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Magnus Halland, M.D., Ph.D.: Heading back to Australia with a Teacher of the Year award in hand

Dr. Halland (GIED ’14, GIMO ’15), Division of Gastroenterology and Hepatology at Mayo Clinic in Rochester, says he’s surrounded by inspiring and experienced teachers in the Division of Gastroenterology and Hepatology, which shocked him even more to think he’s worthy of a Teacher of the Year award. “I never expected to get this. It’s truly humbling, given the depth and breadth of teaching experience our GI fellows are exposed to in this unsurpassed division. To know that they see me as one of many they look up to and learn from is incredibly satisfying.

“I never expected to get this. It’s truly humbling, given the depth and breadth of teaching experience our GI fellows are exposed to in this unsurpassed division. To know that they see me as one of many they look up to and learn from is incredibly satisfying.”

“I’ve seen students through medical school, residency and GI fellowship who are now fantastic colleagues. Seeing the growth that occurs on the road to becoming good at medicine reminds me of my own starting point and the teachers who showed me how to be a good doctor.”

A native of Norway, Dr. Halland moved to Australia for medical school. He intended to be there for five years and stayed for 13 — getting more degrees than he’d planned, meeting his wife and having a family.

He cites Ann Duggan, M.D., at the John Hunter Hospital in Newcastle, New South Wales, with leading him to GI. “I did a rotation with her during medical school, and she had me do research on Barrett’s esophagus, which is now one of my areas of expertise. She was a massive inspiration for where I am now. Going into GI lead me to Nicholas Talley, M.D., Ph.D. (GI ’89), at the University of Newcastle. He’s a Mayo alum and told me I should go to Mayo Clinic for GI fellowship.” [Note: Dr. Talley is a 2020 recipient of a Mayo Clinic Distinguished Alumni Award.]

“I came to Mayo Clinic with an open mind and open arms and stayed when I was offered a staff position.”

Dr. Halland came to Mayo Clinic for a year, applied for two advanced fellowships, figured he’d stay no longer than two years and ended up staying in Rochester for almost a decade. “I came to Mayo Clinic with an open mind and open arms and stayed when I was offered a staff position.”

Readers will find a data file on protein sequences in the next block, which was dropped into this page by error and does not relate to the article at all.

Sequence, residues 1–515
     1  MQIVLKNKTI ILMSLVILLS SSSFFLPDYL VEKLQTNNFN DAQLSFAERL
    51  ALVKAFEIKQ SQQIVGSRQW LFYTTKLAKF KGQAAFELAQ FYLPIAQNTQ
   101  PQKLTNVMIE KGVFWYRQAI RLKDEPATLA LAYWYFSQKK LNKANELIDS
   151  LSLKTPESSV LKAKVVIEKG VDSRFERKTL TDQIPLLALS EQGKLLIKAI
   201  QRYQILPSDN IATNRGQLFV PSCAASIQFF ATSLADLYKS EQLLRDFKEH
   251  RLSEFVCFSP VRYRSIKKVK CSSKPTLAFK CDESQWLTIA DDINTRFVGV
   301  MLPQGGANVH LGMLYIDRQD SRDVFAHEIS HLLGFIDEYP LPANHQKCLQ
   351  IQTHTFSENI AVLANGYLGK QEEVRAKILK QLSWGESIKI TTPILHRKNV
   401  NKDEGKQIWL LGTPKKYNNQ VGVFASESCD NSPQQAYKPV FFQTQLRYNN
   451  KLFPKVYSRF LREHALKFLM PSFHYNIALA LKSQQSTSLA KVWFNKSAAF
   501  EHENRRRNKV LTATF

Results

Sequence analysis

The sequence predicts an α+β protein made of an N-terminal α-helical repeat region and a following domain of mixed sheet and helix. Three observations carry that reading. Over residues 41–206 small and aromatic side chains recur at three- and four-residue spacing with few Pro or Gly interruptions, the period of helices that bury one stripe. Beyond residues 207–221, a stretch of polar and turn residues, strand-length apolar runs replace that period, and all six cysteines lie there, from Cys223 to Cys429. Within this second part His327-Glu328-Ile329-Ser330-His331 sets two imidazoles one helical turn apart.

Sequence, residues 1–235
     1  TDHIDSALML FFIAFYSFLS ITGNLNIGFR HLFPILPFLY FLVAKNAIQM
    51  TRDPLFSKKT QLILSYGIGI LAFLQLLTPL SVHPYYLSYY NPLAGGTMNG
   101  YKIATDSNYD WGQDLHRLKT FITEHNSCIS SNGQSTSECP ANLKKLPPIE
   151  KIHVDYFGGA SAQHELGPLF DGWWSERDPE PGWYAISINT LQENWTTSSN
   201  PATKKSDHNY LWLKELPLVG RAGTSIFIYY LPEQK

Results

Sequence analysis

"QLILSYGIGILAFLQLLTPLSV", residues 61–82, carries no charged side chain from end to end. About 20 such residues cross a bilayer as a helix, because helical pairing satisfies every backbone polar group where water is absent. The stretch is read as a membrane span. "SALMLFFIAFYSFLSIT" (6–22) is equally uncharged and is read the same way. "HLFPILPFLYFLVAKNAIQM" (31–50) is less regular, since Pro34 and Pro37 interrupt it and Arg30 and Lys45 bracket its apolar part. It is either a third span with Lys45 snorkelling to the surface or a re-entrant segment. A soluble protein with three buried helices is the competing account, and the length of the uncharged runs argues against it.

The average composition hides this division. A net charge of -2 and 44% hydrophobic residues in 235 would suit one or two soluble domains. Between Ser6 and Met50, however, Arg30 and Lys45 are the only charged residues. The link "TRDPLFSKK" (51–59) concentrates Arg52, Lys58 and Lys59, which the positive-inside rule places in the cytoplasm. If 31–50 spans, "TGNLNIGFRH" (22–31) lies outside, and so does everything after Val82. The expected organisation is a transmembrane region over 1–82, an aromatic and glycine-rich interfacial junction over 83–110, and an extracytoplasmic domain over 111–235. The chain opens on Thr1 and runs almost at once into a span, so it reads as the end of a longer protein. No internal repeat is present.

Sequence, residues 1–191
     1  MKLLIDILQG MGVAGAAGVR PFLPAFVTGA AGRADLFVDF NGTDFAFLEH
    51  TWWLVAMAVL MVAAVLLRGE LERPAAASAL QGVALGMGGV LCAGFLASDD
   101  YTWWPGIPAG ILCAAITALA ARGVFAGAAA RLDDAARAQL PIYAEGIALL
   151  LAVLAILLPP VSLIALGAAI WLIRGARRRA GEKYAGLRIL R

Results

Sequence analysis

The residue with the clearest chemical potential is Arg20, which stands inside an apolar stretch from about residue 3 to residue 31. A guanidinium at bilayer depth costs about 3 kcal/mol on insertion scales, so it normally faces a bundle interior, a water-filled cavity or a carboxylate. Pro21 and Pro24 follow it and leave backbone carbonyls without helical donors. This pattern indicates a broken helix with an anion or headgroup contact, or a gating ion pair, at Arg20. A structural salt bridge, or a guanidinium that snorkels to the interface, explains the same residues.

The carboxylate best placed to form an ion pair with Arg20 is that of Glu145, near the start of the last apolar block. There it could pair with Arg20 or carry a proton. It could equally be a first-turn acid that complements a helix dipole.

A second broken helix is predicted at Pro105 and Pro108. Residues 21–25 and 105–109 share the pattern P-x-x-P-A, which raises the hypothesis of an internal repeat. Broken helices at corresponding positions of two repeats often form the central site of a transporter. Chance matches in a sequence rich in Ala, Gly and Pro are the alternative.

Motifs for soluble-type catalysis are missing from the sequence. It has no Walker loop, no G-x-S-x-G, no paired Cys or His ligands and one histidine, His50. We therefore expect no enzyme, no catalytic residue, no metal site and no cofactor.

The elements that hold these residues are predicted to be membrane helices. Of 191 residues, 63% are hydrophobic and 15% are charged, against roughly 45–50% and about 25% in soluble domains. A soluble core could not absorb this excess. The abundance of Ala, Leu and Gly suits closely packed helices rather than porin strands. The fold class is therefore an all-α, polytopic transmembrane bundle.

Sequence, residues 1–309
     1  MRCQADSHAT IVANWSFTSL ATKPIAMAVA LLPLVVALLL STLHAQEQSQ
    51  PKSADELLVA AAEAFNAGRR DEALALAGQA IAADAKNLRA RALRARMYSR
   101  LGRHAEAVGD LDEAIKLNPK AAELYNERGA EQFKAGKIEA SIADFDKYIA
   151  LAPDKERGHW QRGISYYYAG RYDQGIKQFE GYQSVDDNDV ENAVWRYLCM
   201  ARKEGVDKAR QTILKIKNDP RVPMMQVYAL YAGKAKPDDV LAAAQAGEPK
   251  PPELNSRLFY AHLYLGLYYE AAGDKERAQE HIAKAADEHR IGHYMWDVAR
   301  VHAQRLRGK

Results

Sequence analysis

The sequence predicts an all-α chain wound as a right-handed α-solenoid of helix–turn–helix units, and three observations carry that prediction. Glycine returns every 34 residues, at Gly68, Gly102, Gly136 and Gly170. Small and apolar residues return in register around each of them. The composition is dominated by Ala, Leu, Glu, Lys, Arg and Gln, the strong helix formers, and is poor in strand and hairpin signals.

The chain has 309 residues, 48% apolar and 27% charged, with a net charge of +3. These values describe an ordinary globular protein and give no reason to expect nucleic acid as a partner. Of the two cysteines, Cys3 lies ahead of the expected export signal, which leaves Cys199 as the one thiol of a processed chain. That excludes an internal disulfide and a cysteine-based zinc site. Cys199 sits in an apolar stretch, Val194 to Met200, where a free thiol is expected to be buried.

Australia beckoned, however. Dr. Halland will return to Australia in late 2021 or early 2022 to be closer to family. “I’m returning to Newcastle in South Wales, where I went to medical school,” he says. “I’ll bring with me considerable knowledge I learned at Mayo Clinic and hope that this will be a real contribution to the community.”

“The ability to pass that on to the next generation of learners contributes to my personal satisfaction. I’m grateful for my almost 10 years long connection with Mayo Clinic.”

Dr. Halland says it’s important to recognize the investment that’s been put into each physician by all of their teachers. “The ability to pass that on to the next generation of learners contributes to my personal satisfaction. I’m grateful for my almost 10 years long connection with Mayo Clinic.”

Comments from trainees

  • “Dr. Halland is wonderful at teaching the nuts and bolts of general gastroenterology and esophageal physiology. He has been an innovator in fellow education and provides valuable insights.”
  • “You can always find him excited to teach and open to questions, creating an environment conducive to learning.”
  • “Dr. Halland has remained as approachable as a fellow while exemplifying the clinical mastery, professionalism and values of a Mayo Clinic staff physician. He is an excellent role model for how fellows should interact with patients.”
  • “Watching his art of medicine has taught me much over the years, and I try to incorporate some of his phrases and style into my practice.”
  • “We hope this award serves as a small testament to our unwavering gratitude for his commitment to education as a departing gift to Australia. We wish him well!”

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